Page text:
Studs Up

Violence And Football
August 31, 2009, 2:18 pm
Filed under: Football


In the early hours of the Saturday before last, West Ham Utd defender Calum Davenport was attacked in an incident related to his private life. During what was a vicious and brutal assault on both the player and his mother, Davenport’s legs were stabbed repeatedly in what is thought to have been a deliberate attempt to end his career. In the aftermath of the incident, there were fears that Davenport’s leg might have to be amputated, an indication of the severity of his injuries that does not bode well for his future as a footballer. Such an awful event puts football as a whole into perspective, and as last week began, I’m sure few could have imagined that another off-field calamity of similar magnitude was about to befall West Ham. However, the clues were in the draw for the 2nd round of the Carling Cup. Three days after Davenport’s stabbing, violent clashes between fans of West Ham and Millwall produced tremors that shook the foundations of the game in England. And as a man lies in hospital recovering from a knife wound to the chest sustained during the violent clashes, the football community are obliged to identify those responsible and bring them to account.

But who exactly ought to be held responsible? Obviously it would be nice to charge all of the “fans” that were involved in the violence with whatever their respective offences merited. But as well as being impossible given the huge numbers involved and vagueness around what would actually constitute involvement, this seems to me to be a measure that contributes little to the process of preventing a reoccurrence of such an incident. With the FA launching an investigation, West Ham and Millwall are set to be hit with some sort of punishment, with West Ham particularly in the firing line since their stewards were unable to prevent numerous pitch invasions (on three separate occasions West Ham fans were able to invade the pitch, and could even be seen confronting and verbally abusing players). While expulsion from the competition remains a possibility, as do games played behind closed doors, the very least West Ham can expect is a fine. The club has already vowed to accept whatever punishment they are given, although it’s probably worth pointing out that they have little choice given how unwise it would be to appear to condone the actions of the perpetrators.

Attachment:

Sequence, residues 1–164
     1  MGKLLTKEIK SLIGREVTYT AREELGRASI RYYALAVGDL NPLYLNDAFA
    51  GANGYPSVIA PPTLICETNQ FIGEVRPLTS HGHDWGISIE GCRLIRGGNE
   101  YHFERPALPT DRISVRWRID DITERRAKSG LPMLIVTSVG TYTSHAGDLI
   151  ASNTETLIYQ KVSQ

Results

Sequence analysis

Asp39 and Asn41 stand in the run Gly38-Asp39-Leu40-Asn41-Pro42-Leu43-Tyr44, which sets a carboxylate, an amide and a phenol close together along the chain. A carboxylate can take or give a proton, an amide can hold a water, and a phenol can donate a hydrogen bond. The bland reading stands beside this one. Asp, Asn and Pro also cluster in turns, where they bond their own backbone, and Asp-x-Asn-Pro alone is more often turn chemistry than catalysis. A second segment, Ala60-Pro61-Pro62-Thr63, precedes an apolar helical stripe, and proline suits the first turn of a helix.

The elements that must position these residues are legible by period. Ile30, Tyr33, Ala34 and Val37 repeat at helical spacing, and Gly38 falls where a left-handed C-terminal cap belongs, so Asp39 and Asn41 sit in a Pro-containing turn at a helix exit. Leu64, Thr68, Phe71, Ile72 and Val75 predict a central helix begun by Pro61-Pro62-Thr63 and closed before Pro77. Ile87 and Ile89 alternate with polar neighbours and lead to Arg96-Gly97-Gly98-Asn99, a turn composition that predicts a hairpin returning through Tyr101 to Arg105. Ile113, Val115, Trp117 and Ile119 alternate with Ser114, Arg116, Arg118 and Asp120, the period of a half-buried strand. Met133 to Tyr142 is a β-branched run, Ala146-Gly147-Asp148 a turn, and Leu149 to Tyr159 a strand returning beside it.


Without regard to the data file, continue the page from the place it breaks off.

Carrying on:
But either way, the usual routine that follows bad behaviour from supporters, namely a club-fine and a clearly voiced intention on the part of said club to root out the ring-leaders and prevent them from attending future games, still seems to me to be wide of the mark in terms of a step towards preventing further incidents of this kind. In all probability, the deplorable individuals who were responsible for the coordination of the violent clashes last Tuesday have already been banned from attending West Ham and Millwall games. This doesn’t really matter to them because amongst their circle of friends this probably represents some sort of badge of honour. Moreover, they’re much more interested in a fight than they are in football anyway. I’m not saying that West Ham and Millwall should not be punished for what happened, nor am I saying that any individuals involved should be allowed to attend future games, but this should not be all that happens.